Magpie Mine is reputed to be haunted by three men who died in sulphurous fires, which were deliberately set underground by opposing miners. With a history of murder, suffocation and fighting miners in its past, it’s hard to believe it was the scene of disputes. Today, especially in early spring where there are some of the best displays of lead tolerant wildflowers carpeting the area, the mine is now a very quiet and peaceful spot, but it hasn’t always been so.
The earliest recorded workings of the mine dates back to 1740 and the mine was one of several ventures working different veins in the same area. From the offset, the miners had difficulty in keeping the workings free from water, but it was helped considerably in 1824 by a pumping engine, which was erected on the main shaft, which led to the production of 800 tons of lead been mined in 1827, a record which remained unbroken until 1871.
The disputes began with neighbouring mines over who had the right to work each vein and the miners from Magpie Mine and Maypitt Mine were both working the Great Red Soil Vein and would light fires underground to smoke out their opponents. The arguments raged over several years both under the ground but also in the court room and in 1833 three Maypitt Mine workers were suffocated by the fumes and 24 Magpie Miners were put on trial for their murder.
Several were freed immediately and eventually all were acquitted because of the difficulty in identifying who the culprit could be, but also taking into account the provocative actions of the Maypitt Miners themselves. It is said that the wives of the murdered men put a curse on the mine and the disputes ruined the mine, which closed in 1835.
In 1839 a famous Cornish mining engineer, John Taylor, was brought in to reopen the mine, which now incorporated the Great Red Soil Workings. He introduced some great innovations, including safety hats, safety fuses, iron winding ropes and steel borers to make it much more safe and he also introduced a more regular pattern shift working and payment for his workers, some of whom he had brought from Cornwall with him.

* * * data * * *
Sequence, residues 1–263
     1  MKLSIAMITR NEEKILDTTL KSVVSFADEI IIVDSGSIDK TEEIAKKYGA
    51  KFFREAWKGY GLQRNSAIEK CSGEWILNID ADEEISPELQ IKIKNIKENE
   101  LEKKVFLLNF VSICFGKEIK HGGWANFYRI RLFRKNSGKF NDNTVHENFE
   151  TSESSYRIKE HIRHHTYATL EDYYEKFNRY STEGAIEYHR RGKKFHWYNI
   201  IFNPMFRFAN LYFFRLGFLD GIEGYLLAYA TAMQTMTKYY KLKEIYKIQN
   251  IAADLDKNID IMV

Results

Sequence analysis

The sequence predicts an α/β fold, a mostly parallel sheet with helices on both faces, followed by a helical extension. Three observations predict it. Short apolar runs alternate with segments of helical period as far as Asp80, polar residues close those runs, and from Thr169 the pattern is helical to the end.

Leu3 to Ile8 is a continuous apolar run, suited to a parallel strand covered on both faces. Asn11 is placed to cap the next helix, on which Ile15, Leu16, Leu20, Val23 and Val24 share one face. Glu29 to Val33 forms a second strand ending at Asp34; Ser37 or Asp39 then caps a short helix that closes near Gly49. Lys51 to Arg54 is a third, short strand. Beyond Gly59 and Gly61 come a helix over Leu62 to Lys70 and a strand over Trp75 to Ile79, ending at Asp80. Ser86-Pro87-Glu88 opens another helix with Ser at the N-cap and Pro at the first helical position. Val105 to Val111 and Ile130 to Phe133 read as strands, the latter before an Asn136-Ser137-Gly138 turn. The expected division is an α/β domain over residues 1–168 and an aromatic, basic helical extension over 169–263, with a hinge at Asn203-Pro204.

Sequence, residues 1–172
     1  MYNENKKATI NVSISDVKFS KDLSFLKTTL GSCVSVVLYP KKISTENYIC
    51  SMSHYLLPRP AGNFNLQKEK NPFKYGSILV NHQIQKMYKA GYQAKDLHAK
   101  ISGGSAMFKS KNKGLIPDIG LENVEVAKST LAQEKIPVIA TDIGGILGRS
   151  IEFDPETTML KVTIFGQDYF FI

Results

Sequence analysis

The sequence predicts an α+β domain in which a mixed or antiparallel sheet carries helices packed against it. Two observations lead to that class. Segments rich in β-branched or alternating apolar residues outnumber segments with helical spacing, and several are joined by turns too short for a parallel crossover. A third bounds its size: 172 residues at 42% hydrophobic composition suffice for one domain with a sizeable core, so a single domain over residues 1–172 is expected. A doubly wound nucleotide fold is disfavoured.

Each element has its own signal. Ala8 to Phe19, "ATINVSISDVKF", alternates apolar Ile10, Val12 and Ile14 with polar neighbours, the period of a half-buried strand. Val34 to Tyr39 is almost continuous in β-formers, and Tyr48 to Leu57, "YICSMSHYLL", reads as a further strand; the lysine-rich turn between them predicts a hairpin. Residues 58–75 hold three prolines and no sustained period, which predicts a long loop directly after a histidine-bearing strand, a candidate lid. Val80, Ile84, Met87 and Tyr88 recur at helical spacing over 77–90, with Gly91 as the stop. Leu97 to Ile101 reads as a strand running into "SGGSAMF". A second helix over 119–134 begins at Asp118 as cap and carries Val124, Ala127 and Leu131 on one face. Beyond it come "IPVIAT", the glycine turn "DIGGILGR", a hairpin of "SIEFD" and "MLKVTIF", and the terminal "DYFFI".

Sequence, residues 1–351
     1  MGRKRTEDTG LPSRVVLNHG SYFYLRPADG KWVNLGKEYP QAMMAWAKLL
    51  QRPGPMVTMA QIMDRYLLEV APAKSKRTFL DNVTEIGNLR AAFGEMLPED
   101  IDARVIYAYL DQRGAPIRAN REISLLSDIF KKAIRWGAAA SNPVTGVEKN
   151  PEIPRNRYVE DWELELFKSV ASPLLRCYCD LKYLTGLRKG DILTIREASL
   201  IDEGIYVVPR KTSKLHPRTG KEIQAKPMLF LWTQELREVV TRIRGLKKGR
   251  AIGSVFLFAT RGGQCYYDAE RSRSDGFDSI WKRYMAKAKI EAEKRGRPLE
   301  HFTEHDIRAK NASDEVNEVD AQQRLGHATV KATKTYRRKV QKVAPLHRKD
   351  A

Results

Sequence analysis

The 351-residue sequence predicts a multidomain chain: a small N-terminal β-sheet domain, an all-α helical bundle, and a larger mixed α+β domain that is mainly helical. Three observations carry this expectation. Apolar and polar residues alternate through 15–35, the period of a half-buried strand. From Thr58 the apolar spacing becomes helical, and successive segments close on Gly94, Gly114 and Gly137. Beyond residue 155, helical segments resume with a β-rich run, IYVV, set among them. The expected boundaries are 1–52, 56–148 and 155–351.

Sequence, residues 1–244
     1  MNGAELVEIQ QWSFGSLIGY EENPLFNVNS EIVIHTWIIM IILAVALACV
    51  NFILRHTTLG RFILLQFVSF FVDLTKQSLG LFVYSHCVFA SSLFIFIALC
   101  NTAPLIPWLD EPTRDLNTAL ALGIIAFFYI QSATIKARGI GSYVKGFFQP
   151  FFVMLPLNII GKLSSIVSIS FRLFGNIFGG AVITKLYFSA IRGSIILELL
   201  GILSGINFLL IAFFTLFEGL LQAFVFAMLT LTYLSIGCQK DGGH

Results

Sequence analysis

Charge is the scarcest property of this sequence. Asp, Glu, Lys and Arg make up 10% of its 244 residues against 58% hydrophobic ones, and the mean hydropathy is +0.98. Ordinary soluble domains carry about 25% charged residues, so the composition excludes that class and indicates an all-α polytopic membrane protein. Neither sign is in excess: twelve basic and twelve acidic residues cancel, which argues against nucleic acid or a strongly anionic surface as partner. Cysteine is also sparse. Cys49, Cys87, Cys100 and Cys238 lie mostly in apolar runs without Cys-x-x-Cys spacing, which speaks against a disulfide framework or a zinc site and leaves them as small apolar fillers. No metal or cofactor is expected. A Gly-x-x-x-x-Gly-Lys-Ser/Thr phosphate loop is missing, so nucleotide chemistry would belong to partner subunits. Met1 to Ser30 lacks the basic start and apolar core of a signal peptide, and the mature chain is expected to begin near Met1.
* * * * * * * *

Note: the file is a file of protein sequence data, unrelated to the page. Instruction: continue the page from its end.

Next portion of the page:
He deepened the main shaft to 208 metres and installed a 40 inch Cornish pumping engine, which proved inadequate over time. He proposed to add another 70 inch engine in but the proprietors didn’t agree and they felt a sough, a drainage tunnel, would be a better solution an appeal to the Duke of Devonshire to adjudicate, but it fell on deaf ears. Various attempts were made to agree over the next 30 years but it wasn’t until 1873 that the construction and the sough started, taking eight years to drive the River Wye near Ashford in the Water, to meet the main shaft which was a distance of 2 km away.
Nowadays, the most obvious features are the Cornish engine house, which was sadly ruined, dating back from 1869 and the adjacent circular chimney, which was built in 1840 to serve an earlier engine. The square chimney, which was built in 1840 to serve a winding engine has had a recent Heritage Lottery Fund grant of £74,000 and this has allowed the Peak District Mines Historical Society to employ contractors to carry out repairs that will ensure the chimney will remain standing for many years to come .The main shaft in front of the Cornish engine house is marked by the steel headgear and cage, dating back from the 1950s, and the corrugated iron shed housed the winding, is only one of three corrugated iron buildings in the country to be accorded Scheduled Monument Status.
How To Get To Magpie Mine;
The mine is 5 km west of Bakewell at grid reference : SK173682.
The access is a private road and cars must be left by the roadside. There are several public footpath which cross the site with access on foot from Sheldon village, Kirkdale and Hard Rake.
There are no restrictions on opening times.